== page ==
The project Empathy Garden was born as an installation in the Central Pavilion of the Exhibition Centre of Villa Erba on the Lake of Como in occasion of Orticolario (3-5 October 2014) – one of Italy’s leading events on advanced gardening.
Rhinoceros 3d + Grasshopper an advanced computational modeling tool. We used optimization algorithms to reduce the types of components, the software calculated the length of each flower box side reducing the number of variations. The parametric approach was crucial to find the best oriented production design.The roar was thus chosen as base module, in that it offered a good coverage of the space whilst optimizing the number of components. The base modules are six, from 0.5 sqm to 3 sqm, formed by the combination of 4 different cuts which then compose the sides of the planters, 8 different nodes with as many optimized variations for the joining of the elements. The result is a total area of 300 square meters, consisting of 50 modules and 90 nodal elements.
Harvested from plantations that procure income to millions of people, coconut wood is a sustainable product by excellence. The cycle of coconut production, felling/processing and re-plantation, guaranties a sound renewable supply that doesn’t impact the environment. After being used all their life coconuts, the trees become senile around 60 years old. They can then be cut and used for construction, furniture and decoration, which will constitute a windfall profit for the farmer and an excellent material for sustainable Architecture.
The new landscape in front of The National Gallery of Denmark is designed as a melting pot – where art can mix with urban life. The urban space is created by Danish POLYFORM Architects and Dutch landscape architects Karres en Brands and has received a warm welcome from the Copenhageners. At the opening event the museum set a new visitor record as almost 8.000 people celebrated the city’s new artsy urban space.
Project: The museum garden at the National Gallery of Art
Location: Copenhagen, Denmark
Photography: Wichmann+Bendtsen, Helle Kristiansen
Software used: Autocad and for renderings Photoshop, Rhino and Illustrator.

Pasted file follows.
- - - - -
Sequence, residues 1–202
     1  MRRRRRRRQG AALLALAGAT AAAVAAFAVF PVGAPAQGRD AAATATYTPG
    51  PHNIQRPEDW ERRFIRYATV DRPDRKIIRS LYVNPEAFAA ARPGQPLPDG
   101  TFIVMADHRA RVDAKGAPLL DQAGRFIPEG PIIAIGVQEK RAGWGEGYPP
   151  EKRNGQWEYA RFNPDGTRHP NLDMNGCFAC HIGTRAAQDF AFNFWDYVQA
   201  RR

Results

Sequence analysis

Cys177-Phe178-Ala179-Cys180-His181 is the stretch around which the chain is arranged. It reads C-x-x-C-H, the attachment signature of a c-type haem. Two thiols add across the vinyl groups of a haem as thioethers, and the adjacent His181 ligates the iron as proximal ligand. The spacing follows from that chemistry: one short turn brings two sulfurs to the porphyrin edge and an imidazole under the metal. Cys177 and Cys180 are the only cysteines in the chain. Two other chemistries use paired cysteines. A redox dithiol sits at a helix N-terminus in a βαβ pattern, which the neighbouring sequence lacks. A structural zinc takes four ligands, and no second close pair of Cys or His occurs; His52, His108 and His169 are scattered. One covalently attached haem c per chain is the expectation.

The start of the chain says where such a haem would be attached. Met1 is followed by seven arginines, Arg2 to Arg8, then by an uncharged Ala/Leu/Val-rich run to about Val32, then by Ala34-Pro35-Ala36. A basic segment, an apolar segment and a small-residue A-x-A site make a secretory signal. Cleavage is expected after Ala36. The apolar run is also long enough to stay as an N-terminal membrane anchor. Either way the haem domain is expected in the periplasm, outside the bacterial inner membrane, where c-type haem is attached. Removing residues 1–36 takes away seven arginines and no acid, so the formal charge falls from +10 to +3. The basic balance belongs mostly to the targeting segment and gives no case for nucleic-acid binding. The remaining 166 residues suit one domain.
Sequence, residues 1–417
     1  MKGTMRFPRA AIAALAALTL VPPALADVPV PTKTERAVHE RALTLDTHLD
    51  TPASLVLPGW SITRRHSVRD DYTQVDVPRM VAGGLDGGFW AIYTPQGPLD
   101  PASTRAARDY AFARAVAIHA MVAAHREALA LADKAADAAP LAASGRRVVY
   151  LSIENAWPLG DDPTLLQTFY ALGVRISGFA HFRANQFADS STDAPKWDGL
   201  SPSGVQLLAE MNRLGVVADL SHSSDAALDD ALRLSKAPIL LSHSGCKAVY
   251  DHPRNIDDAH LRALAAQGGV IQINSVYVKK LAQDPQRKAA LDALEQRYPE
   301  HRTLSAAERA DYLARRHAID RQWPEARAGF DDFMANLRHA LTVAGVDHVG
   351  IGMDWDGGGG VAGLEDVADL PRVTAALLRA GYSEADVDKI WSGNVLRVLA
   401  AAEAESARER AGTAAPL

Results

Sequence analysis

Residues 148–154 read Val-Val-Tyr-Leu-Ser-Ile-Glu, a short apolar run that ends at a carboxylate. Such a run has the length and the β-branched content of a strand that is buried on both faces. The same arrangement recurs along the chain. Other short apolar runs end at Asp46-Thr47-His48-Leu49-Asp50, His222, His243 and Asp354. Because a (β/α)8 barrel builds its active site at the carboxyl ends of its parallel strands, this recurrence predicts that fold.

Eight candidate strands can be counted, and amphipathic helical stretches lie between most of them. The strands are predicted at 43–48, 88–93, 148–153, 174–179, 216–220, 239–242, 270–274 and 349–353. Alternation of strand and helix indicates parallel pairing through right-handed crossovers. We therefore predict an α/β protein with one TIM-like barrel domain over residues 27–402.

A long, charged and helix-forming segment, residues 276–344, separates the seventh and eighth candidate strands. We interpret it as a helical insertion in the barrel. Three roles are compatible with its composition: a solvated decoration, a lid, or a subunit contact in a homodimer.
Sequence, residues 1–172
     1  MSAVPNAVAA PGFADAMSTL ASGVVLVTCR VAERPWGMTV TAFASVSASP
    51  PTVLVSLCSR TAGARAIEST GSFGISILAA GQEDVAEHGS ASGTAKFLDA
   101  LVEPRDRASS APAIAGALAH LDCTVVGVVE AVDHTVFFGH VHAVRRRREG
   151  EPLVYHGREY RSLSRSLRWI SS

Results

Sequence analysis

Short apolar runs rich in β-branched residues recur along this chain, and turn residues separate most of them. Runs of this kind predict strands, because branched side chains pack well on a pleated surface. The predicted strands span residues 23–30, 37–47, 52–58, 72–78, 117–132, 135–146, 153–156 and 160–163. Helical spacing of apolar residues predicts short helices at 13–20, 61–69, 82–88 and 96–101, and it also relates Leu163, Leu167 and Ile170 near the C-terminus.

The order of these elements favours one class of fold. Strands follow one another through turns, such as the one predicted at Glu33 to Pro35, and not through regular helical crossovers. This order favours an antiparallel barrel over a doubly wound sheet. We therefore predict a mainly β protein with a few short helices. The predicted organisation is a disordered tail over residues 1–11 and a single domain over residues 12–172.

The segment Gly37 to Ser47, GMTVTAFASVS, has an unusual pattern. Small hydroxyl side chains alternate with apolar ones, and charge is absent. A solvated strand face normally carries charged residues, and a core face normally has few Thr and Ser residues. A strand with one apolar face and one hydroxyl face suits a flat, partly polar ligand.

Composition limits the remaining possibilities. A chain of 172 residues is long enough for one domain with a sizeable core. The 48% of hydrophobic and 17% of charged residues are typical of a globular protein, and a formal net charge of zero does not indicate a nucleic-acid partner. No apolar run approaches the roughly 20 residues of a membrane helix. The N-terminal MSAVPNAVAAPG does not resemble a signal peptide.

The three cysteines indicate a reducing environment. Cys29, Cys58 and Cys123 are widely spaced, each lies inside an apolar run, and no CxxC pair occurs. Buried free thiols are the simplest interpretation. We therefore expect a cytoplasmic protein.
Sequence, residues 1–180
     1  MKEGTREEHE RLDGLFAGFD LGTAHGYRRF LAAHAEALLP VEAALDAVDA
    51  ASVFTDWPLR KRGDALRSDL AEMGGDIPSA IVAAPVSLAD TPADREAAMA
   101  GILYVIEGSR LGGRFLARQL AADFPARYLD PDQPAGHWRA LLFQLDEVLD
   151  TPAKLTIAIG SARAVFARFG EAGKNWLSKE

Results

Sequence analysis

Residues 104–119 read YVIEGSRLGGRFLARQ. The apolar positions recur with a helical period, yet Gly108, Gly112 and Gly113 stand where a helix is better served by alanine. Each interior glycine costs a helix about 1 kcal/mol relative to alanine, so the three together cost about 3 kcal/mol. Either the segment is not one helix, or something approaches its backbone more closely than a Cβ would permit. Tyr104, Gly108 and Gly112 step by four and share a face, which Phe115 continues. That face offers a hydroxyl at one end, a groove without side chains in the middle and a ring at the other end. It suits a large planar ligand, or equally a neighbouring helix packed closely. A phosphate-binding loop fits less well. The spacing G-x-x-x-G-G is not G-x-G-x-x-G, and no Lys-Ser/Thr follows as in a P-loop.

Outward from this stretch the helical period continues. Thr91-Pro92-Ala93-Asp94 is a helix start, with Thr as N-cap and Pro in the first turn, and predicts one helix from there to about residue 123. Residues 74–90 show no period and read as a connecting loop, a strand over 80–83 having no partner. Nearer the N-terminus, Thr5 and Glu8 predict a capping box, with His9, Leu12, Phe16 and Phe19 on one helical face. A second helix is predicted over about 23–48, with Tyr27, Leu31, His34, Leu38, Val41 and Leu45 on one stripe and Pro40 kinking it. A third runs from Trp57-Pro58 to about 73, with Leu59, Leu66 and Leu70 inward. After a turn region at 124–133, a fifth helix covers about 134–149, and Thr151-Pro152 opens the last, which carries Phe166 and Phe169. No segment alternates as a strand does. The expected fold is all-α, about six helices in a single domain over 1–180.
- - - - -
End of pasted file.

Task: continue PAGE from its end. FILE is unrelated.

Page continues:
Client: The National Gallery of Denmark/ City of Copenhagen/ Annie og Otto Johs. Detlefs Foundation
Area: 10.000 square meters
Budget: 2,7 million euros
Team: Thomas Kock, Jonas Sangberg, Sylvia Karres, Bart Brands, Signe Hertzum, Nikolaj Frølund Thomsen, Henrik Thomas Faurskov, Sofie Mandrup, Sofia Bergman, Tomas Degenaar, Elke Krausmann, Sander Vedder, Marianne Weeke Borup og Julie Thorsø Hansen
The particularity of this project is the very small (116sqm), plot and the desire of two friends to build together their urban apartments, each of them with its own appendix functioning as a professional space – a wine bar and a recording studio respectively. These special additions, along with the reduced imprint of the house, dictated a vertical spatial layout: the wine bar and duplex belonging to one of the clients were placed on the underground, ground floor and first floor, thus also enjoying the presence of a small courtyard, whereas the recording studio and the other duplex were placed on the terraced attic, the second and the third floors. The result was a five-level building with four functional units. The height – unusual for a house – as well as the owners’ lifestyle and requests led to the design of four different access ways and a semi-open exterior staircase, integrated in the building’s envelope. The wine bar, located on the underground level and open to the public, communicates directly with the street through a buffer space on the ground floor.